Lysine residues 625 and 702 in the full-length ACE2 protein have been described to be ubiquitinated and may contribute to its proteosomal degradation26. We generated a K625R K702R (K2R) mutant of full-length ACE2, which increased protein levels, compared to wild-type ACE2 (Fig. 5d). We have introduced the same mutations in the corresponding residues of the predicted MIRb-ACE2 protein product, K279R K356R, which were similarly accessible for ubiquitination (Extended Data Fig. 8). However, we were unable to detect stable protein following transfection with the MIRb-ACE2 K2R-encoding mutant (Fig. 5d). Consistent with this, the addition of the proteasome inhibitor MG-132 was sufficient to increase protein levels of ACE2 but did not rescue the MIRb-ACE2 protein product (Fig. 5d). Moreover, cycloheximide treatment of HEK293T cells transfected with FLAG-tagged ACE2 or MIRb-ACE2 constructs led to the rapid loss of MIRb-ACE2 protein but did not affect levels of full-length ACE2 in the same time frame (Fig. 5e), further supporting reduced stability of the former.
Structural considerations suggested that the MIRb-ACE2 protein product would unlikely retain the partial structure of the canonical ACE2 peptidase fold, as removing most of this subdomain would expose the remaining component of the highly charged substrate-binding groove, as well as large parts of the hydrophobic protein core (Extended Data Fig. 9). Hence, it seems unlikely that a protein encoded by the MIRb-ACE2 transcript would form a structure similar to that of the canonical ACE2. Moreover, the MIRb-ACE2 protein product lacks a canonical signal peptide and when an IgGκ chain-derived signal peptide, which has been successfully used to express the canonical ACE2 ectodomain (residues 15–615)27, was fused to the corresponding domain of the predicted MIRb-ACE2 protein (residues 1–269), there was no detectable secreted protein. These data suggest that the latter protein is subject to posttranslational degradation through a proteasome-independent mechanism and thus unlikely to exert significant biological activity.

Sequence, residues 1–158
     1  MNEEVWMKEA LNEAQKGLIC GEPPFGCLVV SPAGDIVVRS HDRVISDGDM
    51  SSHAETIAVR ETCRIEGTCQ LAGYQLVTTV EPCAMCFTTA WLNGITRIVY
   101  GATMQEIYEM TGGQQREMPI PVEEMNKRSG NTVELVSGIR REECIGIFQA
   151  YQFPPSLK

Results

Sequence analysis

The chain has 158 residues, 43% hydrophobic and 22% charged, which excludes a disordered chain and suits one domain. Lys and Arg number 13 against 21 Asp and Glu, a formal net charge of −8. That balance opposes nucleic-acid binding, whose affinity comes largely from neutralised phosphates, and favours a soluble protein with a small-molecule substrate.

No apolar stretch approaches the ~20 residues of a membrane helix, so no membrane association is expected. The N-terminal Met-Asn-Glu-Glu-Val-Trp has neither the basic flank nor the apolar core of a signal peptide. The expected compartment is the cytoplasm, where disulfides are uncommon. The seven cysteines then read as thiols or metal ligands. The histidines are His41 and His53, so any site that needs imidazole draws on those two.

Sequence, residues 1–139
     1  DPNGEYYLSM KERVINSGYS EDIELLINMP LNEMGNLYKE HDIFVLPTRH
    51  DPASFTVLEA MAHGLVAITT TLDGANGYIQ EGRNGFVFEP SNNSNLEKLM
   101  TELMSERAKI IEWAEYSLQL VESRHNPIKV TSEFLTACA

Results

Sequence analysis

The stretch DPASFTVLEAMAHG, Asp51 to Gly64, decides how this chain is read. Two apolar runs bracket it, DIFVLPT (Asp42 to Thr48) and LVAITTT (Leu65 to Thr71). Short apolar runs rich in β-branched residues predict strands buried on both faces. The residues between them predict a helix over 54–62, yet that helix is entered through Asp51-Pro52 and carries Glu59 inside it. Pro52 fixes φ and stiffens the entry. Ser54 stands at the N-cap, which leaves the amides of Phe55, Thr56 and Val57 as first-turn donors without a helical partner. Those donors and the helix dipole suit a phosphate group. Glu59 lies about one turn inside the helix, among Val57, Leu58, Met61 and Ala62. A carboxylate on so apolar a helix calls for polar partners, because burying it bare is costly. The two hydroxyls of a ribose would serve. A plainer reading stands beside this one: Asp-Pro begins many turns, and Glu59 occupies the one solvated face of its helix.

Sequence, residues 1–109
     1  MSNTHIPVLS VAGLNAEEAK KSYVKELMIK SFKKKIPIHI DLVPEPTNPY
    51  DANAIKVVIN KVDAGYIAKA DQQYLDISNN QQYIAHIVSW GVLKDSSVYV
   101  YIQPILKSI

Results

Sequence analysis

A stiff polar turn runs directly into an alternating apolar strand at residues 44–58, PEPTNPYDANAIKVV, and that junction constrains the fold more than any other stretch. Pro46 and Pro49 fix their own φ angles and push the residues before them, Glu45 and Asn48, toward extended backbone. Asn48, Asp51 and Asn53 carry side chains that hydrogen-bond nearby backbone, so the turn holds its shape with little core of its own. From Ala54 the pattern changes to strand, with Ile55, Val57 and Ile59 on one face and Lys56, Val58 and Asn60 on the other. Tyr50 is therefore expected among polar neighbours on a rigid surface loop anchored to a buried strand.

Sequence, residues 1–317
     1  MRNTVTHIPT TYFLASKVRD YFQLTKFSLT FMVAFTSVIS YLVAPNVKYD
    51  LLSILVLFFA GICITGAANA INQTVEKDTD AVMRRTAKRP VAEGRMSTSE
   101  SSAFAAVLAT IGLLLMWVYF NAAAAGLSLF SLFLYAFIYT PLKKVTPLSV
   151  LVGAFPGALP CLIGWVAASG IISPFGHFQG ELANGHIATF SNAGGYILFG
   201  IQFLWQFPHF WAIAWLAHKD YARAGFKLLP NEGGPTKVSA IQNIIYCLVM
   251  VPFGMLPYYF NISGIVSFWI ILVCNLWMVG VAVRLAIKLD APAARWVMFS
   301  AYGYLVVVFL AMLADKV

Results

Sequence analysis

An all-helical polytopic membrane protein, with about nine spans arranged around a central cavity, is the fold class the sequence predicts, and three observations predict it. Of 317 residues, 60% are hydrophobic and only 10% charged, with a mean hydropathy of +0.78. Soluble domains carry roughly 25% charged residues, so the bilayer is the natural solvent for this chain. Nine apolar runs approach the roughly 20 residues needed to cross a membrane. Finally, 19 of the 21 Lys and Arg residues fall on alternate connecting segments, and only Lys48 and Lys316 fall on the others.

Nevertheless, as the MIRb-ACE2 protein was indeed made under certain conditions, it remained possible that it retained some biological function or that it affected the function of canonical ACE2 through heterodimer formation. To examine this possibility, we quantified levels of enzymatically active ACE2, an assay that is considerably more sensitive than western blotting, and found that, as expected, strong enzymatic activity in lysates from ACE2-transfected cells but not MIRb-ACE2-transfected cells (Fig. 5f). Furthermore, co-transfection with MIRb-ACE2 did not affect the enzymatic activity conferred by ACE2 transfection (Fig. 5f). To determine any involvement of the predicted MIRb-ACE2 protein in SARS-CoV-2 entry, we measured binding of the S1 subunit of SARS-CoV-2 spike glycoprotein, the first step of viral entry, to cells expressing either or both ACE2 isoforms. HEK293T cells were transfected with the P2A-GFP reporter constructs for ACE2 and MIRb-ACE2 and transfected and untransfected cells were distinguished based on GFP expression (Extended Data Fig. 10). While SARS-CoV-2 S1 efficiently bound HEK293T cells expressing ACE2, it did not bind those expressing MIRb-ACE2 (Fig. 5g). Moreover, co-expression of the two isoforms in the same cells did not alter binding of SARS-CoV-2 S1, beyond the effect of plasmid dilution (Fig. 5g). Collectively, these results argue against a significant effect of MIRb-ACE2 expression on ACE2 function or SARS-CoV-2 entry.